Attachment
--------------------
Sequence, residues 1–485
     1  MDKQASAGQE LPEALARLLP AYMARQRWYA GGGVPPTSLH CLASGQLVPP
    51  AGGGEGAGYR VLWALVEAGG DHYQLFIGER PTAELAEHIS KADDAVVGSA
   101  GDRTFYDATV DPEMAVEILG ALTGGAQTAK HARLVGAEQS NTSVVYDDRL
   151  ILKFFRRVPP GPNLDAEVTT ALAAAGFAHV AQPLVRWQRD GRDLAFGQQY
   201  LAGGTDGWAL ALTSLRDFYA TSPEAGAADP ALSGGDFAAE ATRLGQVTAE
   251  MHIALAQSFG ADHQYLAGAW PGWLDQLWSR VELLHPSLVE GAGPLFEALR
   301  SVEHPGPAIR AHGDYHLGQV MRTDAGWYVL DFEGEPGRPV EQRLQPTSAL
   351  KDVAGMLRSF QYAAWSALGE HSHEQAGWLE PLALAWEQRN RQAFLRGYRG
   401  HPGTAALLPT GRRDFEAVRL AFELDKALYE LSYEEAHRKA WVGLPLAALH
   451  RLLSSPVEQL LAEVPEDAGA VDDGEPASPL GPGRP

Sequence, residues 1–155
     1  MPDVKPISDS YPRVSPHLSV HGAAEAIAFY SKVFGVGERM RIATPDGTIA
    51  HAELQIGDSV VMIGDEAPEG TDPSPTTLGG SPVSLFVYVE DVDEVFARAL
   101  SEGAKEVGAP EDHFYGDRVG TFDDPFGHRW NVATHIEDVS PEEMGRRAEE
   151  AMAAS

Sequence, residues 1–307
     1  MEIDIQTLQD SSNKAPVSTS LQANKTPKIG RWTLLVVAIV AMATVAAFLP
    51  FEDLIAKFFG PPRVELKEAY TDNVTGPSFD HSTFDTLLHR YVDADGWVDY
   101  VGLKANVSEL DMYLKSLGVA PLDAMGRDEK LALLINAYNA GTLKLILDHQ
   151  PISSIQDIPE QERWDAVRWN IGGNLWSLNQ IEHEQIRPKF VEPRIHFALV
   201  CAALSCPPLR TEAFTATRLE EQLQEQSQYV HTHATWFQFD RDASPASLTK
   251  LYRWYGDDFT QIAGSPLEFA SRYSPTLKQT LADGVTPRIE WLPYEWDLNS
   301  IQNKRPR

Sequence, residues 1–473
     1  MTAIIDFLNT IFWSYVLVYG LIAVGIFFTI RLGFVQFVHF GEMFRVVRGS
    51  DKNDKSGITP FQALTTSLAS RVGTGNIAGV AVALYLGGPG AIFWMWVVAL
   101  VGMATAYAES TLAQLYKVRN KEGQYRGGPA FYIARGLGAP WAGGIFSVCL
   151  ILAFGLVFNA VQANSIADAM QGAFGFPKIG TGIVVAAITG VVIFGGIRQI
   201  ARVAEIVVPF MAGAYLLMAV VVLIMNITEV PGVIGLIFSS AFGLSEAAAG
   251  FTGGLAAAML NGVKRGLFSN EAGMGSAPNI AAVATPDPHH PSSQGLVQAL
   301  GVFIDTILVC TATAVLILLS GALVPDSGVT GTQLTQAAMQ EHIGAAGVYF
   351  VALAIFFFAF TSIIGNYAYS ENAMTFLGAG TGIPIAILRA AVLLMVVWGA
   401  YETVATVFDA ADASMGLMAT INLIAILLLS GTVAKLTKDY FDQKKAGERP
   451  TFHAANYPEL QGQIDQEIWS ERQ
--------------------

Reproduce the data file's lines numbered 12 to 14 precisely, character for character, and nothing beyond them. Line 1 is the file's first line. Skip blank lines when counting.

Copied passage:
Sequence, residues 1–155
     1  MPDVKPISDS YPRVSPHLSV HGAAEAIAFY SKVFGVGERM RIATPDGTIA
    51  HAELQIGDSV VMIGDEAPEG TDPSPTTLGG SPVSLFVYVE DVDEVFARAL